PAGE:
Ever since Research In Motion warned about its quarterly results a month ago, investors have wanted to find out what the BlackBerry maker is doing to save its current quarter as it struggles to roll out competitive new products.
RIM promises impressive devices to challenge Apple's slick iPhone and gadgets based on Google's Android software. Cellular versions of its PlayBook tablet are imminent, RIM says, and the iPad contender will soon be sold worldwide after a lumpy April launch in North America.
But without a launch date for a more powerful touchscreen version of its business workhorse, the Bold smartphone, and with Torch and Storm upgrades still just rumours, investors are growing more and more nervous.
"We believe RIM has now squandered nearly every opportunity and competitive advantage it enjoyed through ineffective R&D resource management, delayed product launches and misreads of the competitive environment," Morgan Stanley analyst Ehud Gelblum wrote in a note to clients.
Although unlikely to make or break RIM's reputation, initial sales of the 7-inch PlayBook will hint at how it stacks up against both the iPad - which sold 2 million in its first two months - and Android-based tablets such as Motorola Mobility's Xoom.
Most analysts expect RIM to have sold less than half a million PlayBooks in the United States and Canada in the six-week window. Motorola sold 250,000 Xoom tablets in its first month.
The Canadian company has already said it expects to sell 1 million fewer smartphones than in the previous quarter, the first such decline in at least three years, with sales especially disappointing in Latin America and the fiercely competitive U.S. market.
Most eyes will focus on RIM's forecasts for the current quarter, which ends in late August - a robust tally would indicate the company expects new models in time for the pivotal back-to-school buying period in late July to early October.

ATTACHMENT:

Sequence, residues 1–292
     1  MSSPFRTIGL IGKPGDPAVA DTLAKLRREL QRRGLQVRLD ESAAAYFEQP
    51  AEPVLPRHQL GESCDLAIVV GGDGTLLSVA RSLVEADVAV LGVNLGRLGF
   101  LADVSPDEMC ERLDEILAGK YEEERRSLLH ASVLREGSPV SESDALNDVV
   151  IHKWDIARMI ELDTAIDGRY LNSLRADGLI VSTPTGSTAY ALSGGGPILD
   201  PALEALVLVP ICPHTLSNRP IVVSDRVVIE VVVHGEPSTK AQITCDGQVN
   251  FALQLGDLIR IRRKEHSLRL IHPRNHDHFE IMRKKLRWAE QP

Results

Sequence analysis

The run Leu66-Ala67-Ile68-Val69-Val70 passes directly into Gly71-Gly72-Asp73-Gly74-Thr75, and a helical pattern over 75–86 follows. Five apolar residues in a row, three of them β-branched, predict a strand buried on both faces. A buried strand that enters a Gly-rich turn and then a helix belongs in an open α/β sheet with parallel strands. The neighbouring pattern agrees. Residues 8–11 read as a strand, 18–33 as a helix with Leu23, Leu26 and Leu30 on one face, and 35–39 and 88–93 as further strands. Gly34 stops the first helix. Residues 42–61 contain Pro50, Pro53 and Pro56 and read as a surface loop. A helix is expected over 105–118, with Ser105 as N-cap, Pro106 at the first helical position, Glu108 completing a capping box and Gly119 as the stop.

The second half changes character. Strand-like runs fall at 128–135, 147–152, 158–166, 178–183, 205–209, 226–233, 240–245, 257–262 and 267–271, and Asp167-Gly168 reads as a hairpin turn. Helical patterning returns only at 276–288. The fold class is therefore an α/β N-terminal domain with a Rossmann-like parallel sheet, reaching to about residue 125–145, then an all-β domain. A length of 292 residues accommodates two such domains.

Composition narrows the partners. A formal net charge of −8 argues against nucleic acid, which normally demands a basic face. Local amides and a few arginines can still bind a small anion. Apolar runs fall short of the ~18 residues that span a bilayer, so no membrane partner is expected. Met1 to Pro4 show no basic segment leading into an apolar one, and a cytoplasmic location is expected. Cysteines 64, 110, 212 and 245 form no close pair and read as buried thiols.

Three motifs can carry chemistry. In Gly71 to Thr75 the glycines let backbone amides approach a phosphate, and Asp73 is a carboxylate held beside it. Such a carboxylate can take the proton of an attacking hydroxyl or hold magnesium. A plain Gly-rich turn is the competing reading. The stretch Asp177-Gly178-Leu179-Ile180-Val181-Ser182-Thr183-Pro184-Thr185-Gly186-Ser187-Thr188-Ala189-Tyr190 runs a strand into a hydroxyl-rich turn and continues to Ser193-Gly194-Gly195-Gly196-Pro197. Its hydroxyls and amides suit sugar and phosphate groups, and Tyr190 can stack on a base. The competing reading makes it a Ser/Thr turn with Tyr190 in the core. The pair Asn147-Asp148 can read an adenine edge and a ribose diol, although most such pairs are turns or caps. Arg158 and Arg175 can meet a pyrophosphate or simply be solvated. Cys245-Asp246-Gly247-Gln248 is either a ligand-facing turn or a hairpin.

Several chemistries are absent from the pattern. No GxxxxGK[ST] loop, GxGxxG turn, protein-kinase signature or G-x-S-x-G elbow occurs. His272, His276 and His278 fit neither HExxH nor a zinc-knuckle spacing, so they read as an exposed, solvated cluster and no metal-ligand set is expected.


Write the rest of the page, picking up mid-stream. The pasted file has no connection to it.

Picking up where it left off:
The upshot in the April profit warning was a brisk earnings forecast for RIM's fiscal 2012, which runs until early March, but many see it as only a question of time before RIM has to abandon that target too.
"If things are going as rough as it looks like out there, they'll take down that $7.50 (earnings per share) number this quarter," BGC Partners analyst Colin Gillis said.
In fact, with a share price already touching two-year lows Gillis says a stark management appraisal of RIM's struggle with its major transition could help restore some lost confidence.
"People want to see that they are living on the same planet everyone else is living on," he said. "If they cleared the decks and reset everything the stock might go up on the news."
RIM shares have lost more than 40 per cent of their value since a February peak, and now trade around five times its own earnings forecast and less than six times the Street consensus.
RIM will likely earn $6.16 a share for the year, according to the most recent estimates of 25 analysts polled by Reuters.
Analysts have mostly taken RIM at its word on its revised guidance for the three months to late May, suggesting it will ship 13.5 million BlackBerry smartphones and earn $1.32 a share on revenue of $5.1-billion.
They expect BlackBerry shipments to rise above 14 million in the current quarter and for RIM to earn $1.36 a share on revenue of $5.4-billion.
Gross margins are expected to narrow as the company discounts aging products, while the PlayBook is also assumed to have a higher cost-to-price ratio than its phones.
The more optimistic analysts suggest RIM still has a window of opportunity for its next batch of phones as telecom companies avoid Nokia until its Microsoft partnership starts bearing fruit.
"It is not in the carriers' interest to have an Apple/Android duopoly, and in the short term they have no one else to turn to," Scotia Capital's Gus Papageorgiou said.
"Nokia is out of the game, at least for this year. They (carriers) want these devices to be successful."